The Comprehensive Geriatric Assessment (CGA) is a multidimensional, multidisciplinary diagnostic process used to determine medical, functional, and psychosocial problems and capabilities in an elderly patient who may be at risk for functional decline.
The Comprehensive Geriatric Assessment (CGA) is designed to
- Evaluate the multiple problems of older persons
- Assess their personal resources and strengths
- Determine service needs
- Develop coordinated care plans to focus interventions on individual problems
- Improves health outcomes
- Prevents the onset of disability
- Improves quality of life
- Saves healthcare costs
CGA of overall health status begins with a screening process using simple, rapid, inexpensive, and internationally validated scales to rate cognitive function, functional status, walking, balance, and socio-economic status.
CGA should also include a nutritional assessment since functional dependency and decreased general health status or quality of life correlate with poor nutritional status in older adults.
Prior to 1990, CGA did not include nutrition due to the lack of a validated and easily administered tool to evaluate nutrition in the elderly. The development of the Mini Nutritional Assessment (MNA®) in 1994 and a shorter screening form (MNA®-SF) in 2001 provided healthcare professionals a validated tool to identify the elderly at risk of malnutrition and guide nutritional intervention. Now, with the revision and validation of the MNA®-SF as a stand-alone screening tool in 2009, clinicians can quickly identify those who are malnourished or at nutritional risk in less than 5 minutes.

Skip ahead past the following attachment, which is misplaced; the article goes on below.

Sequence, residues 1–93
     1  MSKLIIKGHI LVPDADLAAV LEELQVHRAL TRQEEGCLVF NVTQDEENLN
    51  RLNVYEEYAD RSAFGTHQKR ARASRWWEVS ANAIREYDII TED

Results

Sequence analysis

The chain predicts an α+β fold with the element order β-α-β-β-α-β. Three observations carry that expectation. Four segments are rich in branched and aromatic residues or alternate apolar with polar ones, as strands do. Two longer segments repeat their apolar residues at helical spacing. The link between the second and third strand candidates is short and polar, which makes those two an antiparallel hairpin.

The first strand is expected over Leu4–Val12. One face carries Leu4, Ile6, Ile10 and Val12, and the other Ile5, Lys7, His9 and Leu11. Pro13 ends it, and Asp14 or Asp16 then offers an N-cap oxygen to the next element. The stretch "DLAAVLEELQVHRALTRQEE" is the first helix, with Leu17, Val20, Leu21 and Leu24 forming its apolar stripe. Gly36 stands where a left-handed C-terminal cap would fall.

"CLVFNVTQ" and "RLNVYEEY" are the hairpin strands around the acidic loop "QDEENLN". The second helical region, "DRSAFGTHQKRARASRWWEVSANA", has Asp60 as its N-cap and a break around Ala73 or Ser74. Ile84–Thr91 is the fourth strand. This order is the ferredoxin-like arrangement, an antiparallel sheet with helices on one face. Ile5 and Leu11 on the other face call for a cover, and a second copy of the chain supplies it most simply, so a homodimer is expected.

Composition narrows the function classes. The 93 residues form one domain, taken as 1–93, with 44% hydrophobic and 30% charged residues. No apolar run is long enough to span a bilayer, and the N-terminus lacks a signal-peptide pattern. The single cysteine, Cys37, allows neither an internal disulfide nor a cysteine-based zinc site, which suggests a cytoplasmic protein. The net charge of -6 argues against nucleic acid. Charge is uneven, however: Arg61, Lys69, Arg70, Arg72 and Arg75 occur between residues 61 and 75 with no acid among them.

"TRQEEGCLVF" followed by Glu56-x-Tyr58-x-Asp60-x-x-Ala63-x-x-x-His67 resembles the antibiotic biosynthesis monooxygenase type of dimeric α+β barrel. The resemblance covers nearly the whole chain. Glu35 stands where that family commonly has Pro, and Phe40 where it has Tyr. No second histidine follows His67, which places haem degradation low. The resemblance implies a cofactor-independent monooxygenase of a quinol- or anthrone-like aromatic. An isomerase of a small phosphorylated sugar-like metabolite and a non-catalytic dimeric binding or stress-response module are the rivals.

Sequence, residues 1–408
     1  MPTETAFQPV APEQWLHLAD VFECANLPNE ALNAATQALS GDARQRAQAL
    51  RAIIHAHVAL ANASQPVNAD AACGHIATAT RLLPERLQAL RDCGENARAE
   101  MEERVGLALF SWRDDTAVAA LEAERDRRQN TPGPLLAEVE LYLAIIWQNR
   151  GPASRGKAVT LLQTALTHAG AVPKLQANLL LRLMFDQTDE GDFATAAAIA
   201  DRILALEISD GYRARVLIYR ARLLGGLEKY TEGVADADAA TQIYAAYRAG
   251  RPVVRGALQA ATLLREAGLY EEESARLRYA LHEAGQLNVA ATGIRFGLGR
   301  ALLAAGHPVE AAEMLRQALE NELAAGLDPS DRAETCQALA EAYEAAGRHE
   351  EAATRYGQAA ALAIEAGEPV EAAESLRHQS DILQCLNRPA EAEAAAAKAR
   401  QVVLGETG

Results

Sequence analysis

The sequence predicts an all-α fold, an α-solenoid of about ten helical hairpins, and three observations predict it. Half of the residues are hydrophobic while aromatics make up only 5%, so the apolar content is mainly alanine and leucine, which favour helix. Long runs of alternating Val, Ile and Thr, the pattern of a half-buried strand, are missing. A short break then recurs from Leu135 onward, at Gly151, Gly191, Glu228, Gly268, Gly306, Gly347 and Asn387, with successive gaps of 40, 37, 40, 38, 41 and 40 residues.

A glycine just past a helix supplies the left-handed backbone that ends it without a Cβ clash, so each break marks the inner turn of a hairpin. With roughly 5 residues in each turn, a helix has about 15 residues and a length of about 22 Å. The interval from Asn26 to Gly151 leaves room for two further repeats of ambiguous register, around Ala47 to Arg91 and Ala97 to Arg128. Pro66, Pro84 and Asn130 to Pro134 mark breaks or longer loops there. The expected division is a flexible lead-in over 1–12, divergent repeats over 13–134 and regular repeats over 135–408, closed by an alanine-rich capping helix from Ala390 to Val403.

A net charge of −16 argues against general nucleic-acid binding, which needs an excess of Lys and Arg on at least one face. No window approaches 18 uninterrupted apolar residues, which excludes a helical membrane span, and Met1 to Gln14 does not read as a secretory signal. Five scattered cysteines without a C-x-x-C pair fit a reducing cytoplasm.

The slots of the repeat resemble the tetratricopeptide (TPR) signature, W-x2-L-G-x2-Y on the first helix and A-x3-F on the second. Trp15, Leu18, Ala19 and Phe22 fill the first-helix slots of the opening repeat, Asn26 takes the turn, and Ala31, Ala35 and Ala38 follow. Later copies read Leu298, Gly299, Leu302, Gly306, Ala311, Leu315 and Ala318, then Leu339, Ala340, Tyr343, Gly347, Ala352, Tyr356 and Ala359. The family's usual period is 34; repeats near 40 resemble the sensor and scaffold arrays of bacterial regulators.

Overall Elements of Comprehensive Geriatric Assessment
The medical history focuses special attention on medication use and the risk for malnutrition, falling, incontinence, and immobility.
The physical examination seeks to identify specific diseases or conditions for which curative, restorative, palliative, or preventive treatment may be available. Special attention is directed toward visual or hearing impairment, nutritional status, and conditions that may contribute to frailty and falling or difficulty in ambulation.
Cognitive, behavioral, and emotional statuses are evaluated, with particular emphasis on detecting dementia, delirium, and depression.
Social and Economic Status
The social support network includes the availability and competence of caregivers, the elderly person’s economic resources, and other sources of support such as cultural, ethnic, and spiritual resources. It also includes the individual's own assessment of the quality of life.
Functional status is measured by the ability to accomplish basic activities of daily living (ADLs) and to participate in behavioral and social activities referred to as instrumental activities of daily living (IADLs). ADLs include bathing, dressing, toileting, transferring, continence, and feeding. IADLs require a higher level of cognition and judgment than physical activities and include preparation of meals, shopping, light housework, financial management, medication management, use of transportation, and use of the telephone.
Evaluating the patient's physical environment determines the safety of the living environment. It also assesses the patient’s access to essential services, such as shopping, pharmacy, and transportation.